Walakpa as Case Study: Rescuing Heritage and Data from a Vanishing Site
Author(s): Anne Jensen
Walakpa is an iconic Arctic site with spectacular preservation, due to frozen conditions. Although many believe it to have been fully excavated, Stanford was only able to reach a third of the way to sterile soil due to permafrost, so earlier occupations of the site remain unstudied. Long considered stable, Walakpa began eroding rapidly in 2013. A single recent storm removed over 30 meters of cultural stratigraphy along a 100+ meter front.
Need for rapid response prompted a large volunteer effort in 2016, with support from the landowner (an Alaska Native village corporation) and the municipality, as well as many individuals. I will briefly describe the data recovered.
Walakpa is only one of many such significant sites in the north, all under threat from climate change. Using Walakpa as an example, I will discuss the implications for our ability to contribute to the expansion of scientific knowledge of the past, and discuss how choices we make in the next few years will impact our science for the foreseeable future.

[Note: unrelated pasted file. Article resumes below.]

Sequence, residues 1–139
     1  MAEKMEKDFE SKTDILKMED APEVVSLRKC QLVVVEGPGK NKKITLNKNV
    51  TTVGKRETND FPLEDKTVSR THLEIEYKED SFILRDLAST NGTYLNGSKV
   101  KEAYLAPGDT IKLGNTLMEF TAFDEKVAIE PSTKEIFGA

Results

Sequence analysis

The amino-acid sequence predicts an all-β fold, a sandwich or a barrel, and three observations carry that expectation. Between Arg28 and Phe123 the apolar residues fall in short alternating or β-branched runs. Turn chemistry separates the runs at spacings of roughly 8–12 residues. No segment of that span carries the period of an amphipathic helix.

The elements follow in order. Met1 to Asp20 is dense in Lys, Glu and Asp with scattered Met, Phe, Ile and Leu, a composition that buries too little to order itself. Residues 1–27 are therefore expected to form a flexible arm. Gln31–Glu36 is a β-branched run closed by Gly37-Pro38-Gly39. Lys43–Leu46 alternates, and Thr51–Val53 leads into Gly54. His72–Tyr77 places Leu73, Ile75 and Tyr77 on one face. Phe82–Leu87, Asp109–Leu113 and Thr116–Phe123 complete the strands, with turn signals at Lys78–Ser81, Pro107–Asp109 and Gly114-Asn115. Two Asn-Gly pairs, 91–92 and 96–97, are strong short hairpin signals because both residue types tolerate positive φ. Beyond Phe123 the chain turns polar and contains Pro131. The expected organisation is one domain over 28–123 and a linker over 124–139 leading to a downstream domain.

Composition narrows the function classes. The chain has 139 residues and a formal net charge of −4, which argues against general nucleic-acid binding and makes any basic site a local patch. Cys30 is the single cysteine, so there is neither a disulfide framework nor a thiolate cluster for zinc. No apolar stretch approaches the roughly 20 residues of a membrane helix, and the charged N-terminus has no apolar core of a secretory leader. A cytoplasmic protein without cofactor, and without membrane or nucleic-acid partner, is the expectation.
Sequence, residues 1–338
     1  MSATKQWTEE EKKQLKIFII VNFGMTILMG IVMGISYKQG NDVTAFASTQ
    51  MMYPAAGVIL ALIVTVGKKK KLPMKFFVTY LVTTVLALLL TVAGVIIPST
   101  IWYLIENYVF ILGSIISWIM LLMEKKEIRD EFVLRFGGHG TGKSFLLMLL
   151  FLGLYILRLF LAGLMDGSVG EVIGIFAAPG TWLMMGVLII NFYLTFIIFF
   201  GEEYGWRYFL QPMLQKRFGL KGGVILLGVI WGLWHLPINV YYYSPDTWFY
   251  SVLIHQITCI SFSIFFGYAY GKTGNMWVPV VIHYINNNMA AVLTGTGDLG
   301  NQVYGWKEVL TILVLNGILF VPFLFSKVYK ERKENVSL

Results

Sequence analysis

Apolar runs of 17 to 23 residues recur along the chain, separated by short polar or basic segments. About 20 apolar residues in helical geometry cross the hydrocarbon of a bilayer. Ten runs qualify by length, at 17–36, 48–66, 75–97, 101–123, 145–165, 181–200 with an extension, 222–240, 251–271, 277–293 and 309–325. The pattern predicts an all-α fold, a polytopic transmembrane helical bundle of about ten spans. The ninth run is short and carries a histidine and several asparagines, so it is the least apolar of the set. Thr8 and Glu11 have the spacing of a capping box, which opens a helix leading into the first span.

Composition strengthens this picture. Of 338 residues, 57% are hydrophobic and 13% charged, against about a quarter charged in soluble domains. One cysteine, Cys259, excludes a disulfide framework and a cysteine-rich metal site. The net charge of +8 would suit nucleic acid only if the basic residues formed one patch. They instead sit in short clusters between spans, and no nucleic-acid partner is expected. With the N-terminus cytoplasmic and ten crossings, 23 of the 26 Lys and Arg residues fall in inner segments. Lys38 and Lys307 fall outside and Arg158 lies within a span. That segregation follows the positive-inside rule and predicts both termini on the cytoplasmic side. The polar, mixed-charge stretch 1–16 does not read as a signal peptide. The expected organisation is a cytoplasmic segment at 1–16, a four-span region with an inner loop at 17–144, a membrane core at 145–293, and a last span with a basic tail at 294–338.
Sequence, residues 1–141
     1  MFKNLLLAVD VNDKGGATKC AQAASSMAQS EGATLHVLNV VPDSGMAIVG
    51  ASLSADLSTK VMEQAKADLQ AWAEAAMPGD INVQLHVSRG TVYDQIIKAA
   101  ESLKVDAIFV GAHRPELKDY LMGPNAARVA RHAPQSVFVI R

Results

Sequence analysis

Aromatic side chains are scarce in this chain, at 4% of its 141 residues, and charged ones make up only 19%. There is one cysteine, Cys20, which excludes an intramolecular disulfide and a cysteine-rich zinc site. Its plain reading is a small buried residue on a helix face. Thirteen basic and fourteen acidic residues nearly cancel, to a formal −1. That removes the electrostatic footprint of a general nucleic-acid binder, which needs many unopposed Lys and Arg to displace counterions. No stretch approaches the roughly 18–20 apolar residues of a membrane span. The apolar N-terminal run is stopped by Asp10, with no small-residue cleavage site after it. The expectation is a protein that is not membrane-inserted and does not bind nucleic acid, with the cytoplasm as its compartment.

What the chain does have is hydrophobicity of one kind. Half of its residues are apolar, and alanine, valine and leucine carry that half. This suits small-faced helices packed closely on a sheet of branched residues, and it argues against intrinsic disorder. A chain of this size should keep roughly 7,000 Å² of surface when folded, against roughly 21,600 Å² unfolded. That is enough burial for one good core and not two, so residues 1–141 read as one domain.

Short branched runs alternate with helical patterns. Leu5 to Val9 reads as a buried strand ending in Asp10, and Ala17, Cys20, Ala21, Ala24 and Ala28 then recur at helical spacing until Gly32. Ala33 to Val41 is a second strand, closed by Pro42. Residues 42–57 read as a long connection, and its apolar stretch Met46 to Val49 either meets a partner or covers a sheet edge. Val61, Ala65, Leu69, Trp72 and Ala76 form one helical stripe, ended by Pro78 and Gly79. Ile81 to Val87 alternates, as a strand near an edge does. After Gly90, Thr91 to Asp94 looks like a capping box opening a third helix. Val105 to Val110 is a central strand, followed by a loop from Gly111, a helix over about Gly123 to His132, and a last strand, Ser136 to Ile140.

This Resource is Part of the Following Collections
- Society for American Archaeology 82nd Annual Meeting, Vancouver, BC (2017) •
- When Disaster Strikes: Environmental Impacts on Collections Preservation
Cite this Record
Walakpa as Case Study: Rescuing Heritage and Data from a Vanishing Site. Anne Jensen. Presented at The 81st Annual Meeting of the Society for American Archaeology, Vancouver, British Columbia. 2017 ( tDAR id: 431106)
min long: -178.41; min lat: 62.104 ; max long: 178.77; max lat: 83.52 ;
Abstract Id(s): 16209